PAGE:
Life on the streets has become a nightmarish survival of the fittest. Tonight’s program includes three different views of how “the other half” is coping with the nasty realities of street life. The program includes Streets (1992, 15 min.) by Curtis Phillips, a portrait of black street gangs in Kansas City: “Our children are mirrors of society, the reflection they are giving back isn’t too glorious…they are shouting at us with anger and frustration in their voices to the tune of gun shots and screeching tires…” (C.P.); L.A. Familia (1993, 37 min.) by Harry Gamboa Jr., a fanciful depiction of a Chicano family living on the street which careens between farcical and frightening narrative; and Chuck Hudina’s Tenderloin Blues (1987, 55 min.), a surprisingly intimate glimpse into the lives of San Francisco’s homeless as recorded with a video-8 camcorder.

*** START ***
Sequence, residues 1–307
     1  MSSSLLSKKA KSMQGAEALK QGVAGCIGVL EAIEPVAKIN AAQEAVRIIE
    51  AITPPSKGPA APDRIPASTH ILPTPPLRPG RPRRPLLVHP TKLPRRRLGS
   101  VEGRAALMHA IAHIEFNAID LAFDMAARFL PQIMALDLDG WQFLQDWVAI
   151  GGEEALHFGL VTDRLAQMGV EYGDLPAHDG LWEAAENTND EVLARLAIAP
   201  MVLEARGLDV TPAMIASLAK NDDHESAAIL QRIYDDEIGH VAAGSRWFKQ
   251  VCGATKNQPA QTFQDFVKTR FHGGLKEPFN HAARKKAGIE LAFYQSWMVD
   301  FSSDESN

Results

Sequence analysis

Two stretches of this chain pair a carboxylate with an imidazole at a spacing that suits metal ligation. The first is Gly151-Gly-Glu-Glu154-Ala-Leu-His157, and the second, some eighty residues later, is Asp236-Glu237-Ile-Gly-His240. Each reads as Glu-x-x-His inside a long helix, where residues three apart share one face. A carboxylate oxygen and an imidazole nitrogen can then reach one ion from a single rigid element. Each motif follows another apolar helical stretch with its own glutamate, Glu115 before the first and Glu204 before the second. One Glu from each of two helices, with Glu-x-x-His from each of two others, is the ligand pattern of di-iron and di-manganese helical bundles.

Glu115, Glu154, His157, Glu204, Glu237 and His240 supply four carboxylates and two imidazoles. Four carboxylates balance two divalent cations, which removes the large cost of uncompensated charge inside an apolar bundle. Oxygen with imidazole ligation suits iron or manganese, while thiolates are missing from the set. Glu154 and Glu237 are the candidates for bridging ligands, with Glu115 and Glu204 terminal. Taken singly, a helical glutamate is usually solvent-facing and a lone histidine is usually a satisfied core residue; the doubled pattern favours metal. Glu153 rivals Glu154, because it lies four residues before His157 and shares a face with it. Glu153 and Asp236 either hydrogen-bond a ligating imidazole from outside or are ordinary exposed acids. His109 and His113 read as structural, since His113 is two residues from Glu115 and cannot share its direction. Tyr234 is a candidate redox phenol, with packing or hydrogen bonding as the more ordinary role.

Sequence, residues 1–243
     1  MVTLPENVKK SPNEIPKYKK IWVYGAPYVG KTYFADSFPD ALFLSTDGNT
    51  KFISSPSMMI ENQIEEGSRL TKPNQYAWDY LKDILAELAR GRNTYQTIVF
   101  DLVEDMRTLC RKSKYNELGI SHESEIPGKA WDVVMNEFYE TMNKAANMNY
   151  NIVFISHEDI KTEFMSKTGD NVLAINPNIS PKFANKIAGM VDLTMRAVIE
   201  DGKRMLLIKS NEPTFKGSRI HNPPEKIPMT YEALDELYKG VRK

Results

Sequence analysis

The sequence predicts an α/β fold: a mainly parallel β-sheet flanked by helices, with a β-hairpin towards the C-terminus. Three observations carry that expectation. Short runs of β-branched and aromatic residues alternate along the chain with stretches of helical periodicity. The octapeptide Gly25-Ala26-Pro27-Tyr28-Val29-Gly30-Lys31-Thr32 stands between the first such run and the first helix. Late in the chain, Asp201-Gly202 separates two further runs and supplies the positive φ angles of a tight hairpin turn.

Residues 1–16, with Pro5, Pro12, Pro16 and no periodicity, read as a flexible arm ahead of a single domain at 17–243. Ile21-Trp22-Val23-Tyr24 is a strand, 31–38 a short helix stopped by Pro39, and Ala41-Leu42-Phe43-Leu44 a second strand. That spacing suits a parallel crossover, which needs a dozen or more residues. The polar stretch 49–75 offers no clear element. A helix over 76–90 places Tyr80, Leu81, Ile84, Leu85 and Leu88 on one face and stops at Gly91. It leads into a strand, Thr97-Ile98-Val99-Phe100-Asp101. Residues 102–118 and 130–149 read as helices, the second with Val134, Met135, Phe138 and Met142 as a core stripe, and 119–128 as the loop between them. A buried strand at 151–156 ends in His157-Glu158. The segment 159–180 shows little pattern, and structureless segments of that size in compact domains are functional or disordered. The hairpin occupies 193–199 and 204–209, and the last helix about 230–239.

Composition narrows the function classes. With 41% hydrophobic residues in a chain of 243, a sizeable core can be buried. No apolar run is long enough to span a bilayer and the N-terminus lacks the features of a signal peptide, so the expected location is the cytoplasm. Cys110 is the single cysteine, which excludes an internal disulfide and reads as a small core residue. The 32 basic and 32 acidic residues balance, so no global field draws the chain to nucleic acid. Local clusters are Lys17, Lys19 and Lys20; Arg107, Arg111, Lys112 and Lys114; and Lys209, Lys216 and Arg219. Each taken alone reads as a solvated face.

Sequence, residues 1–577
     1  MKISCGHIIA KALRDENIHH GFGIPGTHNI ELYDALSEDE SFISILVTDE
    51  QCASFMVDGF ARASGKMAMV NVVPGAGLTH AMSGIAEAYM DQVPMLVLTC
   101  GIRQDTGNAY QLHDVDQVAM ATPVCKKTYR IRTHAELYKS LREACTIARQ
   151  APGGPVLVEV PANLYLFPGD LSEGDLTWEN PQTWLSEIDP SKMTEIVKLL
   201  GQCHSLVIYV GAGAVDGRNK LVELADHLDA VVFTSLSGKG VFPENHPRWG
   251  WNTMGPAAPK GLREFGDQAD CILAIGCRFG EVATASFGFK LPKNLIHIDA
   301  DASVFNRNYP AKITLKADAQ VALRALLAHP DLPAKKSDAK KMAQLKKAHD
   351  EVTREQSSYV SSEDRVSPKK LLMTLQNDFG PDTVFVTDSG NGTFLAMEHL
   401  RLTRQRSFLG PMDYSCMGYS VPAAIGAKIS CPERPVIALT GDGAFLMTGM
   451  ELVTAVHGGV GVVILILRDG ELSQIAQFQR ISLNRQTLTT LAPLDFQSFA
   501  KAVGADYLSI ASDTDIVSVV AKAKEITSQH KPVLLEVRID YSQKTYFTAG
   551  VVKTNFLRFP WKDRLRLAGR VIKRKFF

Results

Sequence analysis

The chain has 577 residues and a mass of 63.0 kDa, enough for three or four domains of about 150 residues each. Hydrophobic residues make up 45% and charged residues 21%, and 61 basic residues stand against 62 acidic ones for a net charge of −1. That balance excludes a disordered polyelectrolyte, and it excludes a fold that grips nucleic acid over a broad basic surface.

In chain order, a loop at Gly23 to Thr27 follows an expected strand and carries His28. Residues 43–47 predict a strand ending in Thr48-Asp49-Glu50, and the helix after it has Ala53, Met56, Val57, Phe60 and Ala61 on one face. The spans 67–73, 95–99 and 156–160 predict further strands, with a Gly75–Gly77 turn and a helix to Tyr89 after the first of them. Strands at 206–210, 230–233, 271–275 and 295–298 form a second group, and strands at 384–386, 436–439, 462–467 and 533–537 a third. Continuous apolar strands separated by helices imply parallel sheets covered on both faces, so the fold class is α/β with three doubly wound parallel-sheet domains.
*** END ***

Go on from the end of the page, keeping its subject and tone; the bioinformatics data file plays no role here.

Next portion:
Thursday, February 17, 1994
Yerba Buena Center for the Arts